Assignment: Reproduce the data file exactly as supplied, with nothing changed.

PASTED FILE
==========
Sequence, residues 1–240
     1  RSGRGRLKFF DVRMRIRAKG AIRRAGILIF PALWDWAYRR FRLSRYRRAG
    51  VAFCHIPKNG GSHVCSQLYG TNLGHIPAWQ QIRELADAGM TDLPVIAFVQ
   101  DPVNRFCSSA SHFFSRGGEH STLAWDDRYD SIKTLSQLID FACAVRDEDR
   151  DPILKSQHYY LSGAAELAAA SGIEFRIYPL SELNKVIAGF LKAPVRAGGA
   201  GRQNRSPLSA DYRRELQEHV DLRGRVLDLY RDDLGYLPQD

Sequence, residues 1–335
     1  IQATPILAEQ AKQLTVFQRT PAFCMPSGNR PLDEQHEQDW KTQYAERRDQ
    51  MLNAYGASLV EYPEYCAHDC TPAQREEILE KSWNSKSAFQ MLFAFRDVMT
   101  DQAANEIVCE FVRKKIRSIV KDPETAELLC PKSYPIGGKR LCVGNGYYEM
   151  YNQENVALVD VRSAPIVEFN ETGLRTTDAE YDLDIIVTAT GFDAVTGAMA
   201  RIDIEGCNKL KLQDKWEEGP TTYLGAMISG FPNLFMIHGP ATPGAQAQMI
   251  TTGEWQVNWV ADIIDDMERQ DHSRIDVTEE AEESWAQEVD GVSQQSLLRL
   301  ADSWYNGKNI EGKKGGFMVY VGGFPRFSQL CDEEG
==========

Sequence, residues 1–240
     1  RSGRGRLKFF DVRMRIRAKG AIRRAGILIF PALWDWAYRR FRLSRYRRAG
    51  VAFCHIPKNG GSHVCSQLYG TNLGHIPAWQ QIRELADAGM TDLPVIAFVQ
   101  DPVNRFCSSA SHFFSRGGEH STLAWDDRYD SIKTLSQLID FACAVRDEDR
   151  DPILKSQHYY LSGAAELAAA SGIEFRIYPL SELNKVIAGF LKAPVRAGGA
   201  GRQNRSPLSA DYRRELQEHV DLRGRVLDLY RDDLGYLPQD

Sequence, residues 1–335
     1  IQATPILAEQ AKQLTVFQRT PAFCMPSGNR PLDEQHEQDW KTQYAERRDQ
    51  MLNAYGASLV EYPEYCAHDC TPAQREEILE KSWNSKSAFQ MLFAFRDVMT
   101  DQAANEIVCE FVRKKIRSIV KDPETAELLC PKSYPIGGKR LCVGNGYYEM
   151  YNQENVALVD VRSAPIVEFN ETGLRTTDAE YDLDIIVTAT GFDAVTGAMA
   201  RIDIEGCNKL KLQDKWEEGP TTYLGAMISG FPNLFMIHGP ATPGAQAQMI
   251  TTGEWQVNWV ADIIDDMERQ DHSRIDVTEE AEESWAQEVD GVSQQSLLRL
   301  ADSWYNGKNI EGKKGGFMVY VGGFPRFSQL CDEEG